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FDIC premiums up NCUSIFs steady for now
WASHINGTON (10/8/08)—The Federal Deposit Insurance Corp. (FDIC) announced a “restoration plan” Tuesday, accompanied by a proposal to increase rates banks pay for deposit insurance by seven basis points. At this time, the National Credit Union Administration (NCUA) has no similar intention. Under the FDIC plan, on average banks would pay roughly 13.5 basis points in premiums by the second quarter of next year. They currently pay 6.5 basis points. Credit unions are not facing a similar increase in share insurance premiums—at this time, according to National Credit Union Administration (NCUA) Chairman Michael Fryzel Tuesday. “As of today, everything looks fine in terms of the share insurance fund,” Fryzel said
Click to view larger image NCUA Board Chairman Michael Fryzel during an interview Tuesday. (Photo provided by CUNA)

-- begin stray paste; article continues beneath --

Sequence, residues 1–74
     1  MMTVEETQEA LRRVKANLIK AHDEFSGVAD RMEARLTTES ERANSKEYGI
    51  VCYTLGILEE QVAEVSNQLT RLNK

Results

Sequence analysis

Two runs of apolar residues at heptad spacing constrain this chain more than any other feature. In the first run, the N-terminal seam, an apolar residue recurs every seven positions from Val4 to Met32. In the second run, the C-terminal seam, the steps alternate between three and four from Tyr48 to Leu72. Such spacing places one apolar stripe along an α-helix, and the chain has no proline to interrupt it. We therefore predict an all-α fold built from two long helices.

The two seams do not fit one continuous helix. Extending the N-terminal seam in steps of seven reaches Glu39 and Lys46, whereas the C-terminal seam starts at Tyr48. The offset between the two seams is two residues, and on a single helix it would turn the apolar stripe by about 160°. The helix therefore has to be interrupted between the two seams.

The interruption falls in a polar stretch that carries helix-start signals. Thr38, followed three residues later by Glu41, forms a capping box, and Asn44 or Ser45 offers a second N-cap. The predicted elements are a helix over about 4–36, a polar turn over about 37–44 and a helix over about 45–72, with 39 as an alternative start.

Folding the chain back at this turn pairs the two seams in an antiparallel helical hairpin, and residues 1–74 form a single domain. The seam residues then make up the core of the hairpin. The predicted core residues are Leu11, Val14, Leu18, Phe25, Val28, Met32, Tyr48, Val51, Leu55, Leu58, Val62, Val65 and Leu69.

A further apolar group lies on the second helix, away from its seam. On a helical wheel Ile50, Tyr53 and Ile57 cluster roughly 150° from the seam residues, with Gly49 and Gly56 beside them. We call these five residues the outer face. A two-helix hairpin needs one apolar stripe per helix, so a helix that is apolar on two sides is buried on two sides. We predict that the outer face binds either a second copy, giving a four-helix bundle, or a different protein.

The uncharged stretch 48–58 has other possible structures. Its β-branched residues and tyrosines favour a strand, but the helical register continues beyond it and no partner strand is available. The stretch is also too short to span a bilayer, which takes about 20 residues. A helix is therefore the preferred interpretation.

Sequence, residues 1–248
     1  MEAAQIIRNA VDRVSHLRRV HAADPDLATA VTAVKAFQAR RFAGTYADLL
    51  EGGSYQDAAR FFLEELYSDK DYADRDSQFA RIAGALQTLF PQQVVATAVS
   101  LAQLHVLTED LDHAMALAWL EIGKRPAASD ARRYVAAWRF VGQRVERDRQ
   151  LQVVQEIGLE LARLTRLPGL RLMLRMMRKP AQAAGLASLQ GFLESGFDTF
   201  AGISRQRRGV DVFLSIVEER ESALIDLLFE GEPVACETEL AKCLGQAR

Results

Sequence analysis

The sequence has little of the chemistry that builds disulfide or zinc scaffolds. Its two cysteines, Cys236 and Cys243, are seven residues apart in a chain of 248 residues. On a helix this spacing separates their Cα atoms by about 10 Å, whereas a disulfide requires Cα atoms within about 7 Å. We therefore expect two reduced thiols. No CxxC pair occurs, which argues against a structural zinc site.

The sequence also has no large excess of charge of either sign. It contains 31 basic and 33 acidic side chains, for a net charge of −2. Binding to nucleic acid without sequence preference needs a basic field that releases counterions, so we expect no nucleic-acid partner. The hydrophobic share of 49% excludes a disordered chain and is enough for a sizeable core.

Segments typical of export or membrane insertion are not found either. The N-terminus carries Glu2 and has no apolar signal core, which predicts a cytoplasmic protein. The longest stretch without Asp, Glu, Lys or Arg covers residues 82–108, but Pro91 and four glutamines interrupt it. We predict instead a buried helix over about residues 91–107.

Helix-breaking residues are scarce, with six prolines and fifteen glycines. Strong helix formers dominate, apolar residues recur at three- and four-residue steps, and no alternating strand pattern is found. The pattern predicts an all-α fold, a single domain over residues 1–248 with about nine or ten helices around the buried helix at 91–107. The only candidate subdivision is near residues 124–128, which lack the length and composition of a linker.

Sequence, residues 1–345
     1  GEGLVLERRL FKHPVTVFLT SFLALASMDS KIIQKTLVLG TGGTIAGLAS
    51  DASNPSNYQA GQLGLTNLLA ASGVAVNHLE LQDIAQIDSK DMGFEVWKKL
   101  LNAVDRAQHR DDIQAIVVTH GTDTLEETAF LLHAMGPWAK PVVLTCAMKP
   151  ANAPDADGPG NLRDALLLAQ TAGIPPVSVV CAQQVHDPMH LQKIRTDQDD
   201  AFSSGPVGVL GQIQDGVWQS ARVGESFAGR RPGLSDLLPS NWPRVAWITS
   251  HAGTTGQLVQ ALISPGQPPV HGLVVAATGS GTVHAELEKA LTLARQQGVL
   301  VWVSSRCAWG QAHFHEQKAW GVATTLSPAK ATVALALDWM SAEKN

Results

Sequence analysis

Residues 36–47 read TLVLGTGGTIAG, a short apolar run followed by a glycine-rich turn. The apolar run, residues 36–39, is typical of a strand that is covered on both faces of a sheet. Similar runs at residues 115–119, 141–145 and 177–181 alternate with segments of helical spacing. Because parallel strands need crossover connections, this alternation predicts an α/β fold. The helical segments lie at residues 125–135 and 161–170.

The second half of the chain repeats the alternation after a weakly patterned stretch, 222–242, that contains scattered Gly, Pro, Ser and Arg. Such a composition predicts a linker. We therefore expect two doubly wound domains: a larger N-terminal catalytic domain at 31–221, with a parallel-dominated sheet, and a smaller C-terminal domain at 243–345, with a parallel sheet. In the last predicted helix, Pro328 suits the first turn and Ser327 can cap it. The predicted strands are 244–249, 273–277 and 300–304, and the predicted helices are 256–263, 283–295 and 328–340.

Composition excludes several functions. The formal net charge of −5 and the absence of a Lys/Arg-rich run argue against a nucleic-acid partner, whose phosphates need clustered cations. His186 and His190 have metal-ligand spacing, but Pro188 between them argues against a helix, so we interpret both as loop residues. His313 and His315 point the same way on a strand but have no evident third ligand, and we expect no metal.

as part of remarks during a wide-ranging interview. “And as of today I cannot tell you that there will be an increase in the premiums” federally insured credit unions pay for coverage by the National Credit Union Share Insurance Fund (NCUSIF), he added. However, he noted that based on the changes in the financial markets and other factors “everything comes into play and we will be looking at everything we need to do to make sure the fund remains strong, vibrant” and has “sufficient dollars in it to cover anything we need to.” In July, the NCUA Board reported that the NCUSIF's equity level was at 1.24%. Historically, the NCUSIF equity level fluctuates somewhat during the course of a year. Under the Federal Credit Union Act, the Board has authority to charge an insurance premium to federally insured credit unions if the Fund's equity ratio is less than 1.3%, but is not required to. If the equity ratio is below 1.2%, the Board must assess a premium to restore the ratio to 1.2%. “CUs have never cost the taxpayer a penny. We want to make sure that continues and we will do whatever we need to do to make sure the Fund remains strong and that credit unions are able to operate with that strong fund in place,” he said. When asked the earliest the issue of a premium could be raised, the chairman said: “I hope to know something by the end of this year. That is contingent upon my staff putting together all the information I have requested and everything we are working on in regards to what we need to do in the next few months to make sure everything stays—pretty good.” Meanwhile at the FDIC, that agency said its proposed changes to the assessment system include assessing higher rates to institutions with a significant reliance on secured liabilities, which generally raises the FDIC's loss in the event of failure without providing additional assessment revenue. The proposal also would assess higher rates for institutions with a significant reliance on brokered deposits but, for well-managed and well-capitalized institutions, only when accompanied by rapid asset growth. Brokered deposits combined with rapid asset growth have played a role in a number of costly failures, including some recent ones. The proposal also would provide incentives in the form of a reduction in assessment rates for institutions to hold long-term unsecured debt and, for smaller institutions, high levels of Tier 1 capital. "Like any insurance company, we've identified activities that have increased or reduced the cost of insurance, and as a result, want to factor them into our determination of assessment rates," Bair said. The FDIC Board of Directors also voted to maintain the Designated Reserve Ratio at 1.25 percent as a signal of its long term target for the fund. Comments on the proposal are due no later than 30 days after publication in the Federal Register, which is expected soon. The complete interview with NCUA Chairman Fryzel will appear in the next edition of Credit Union Magazine.


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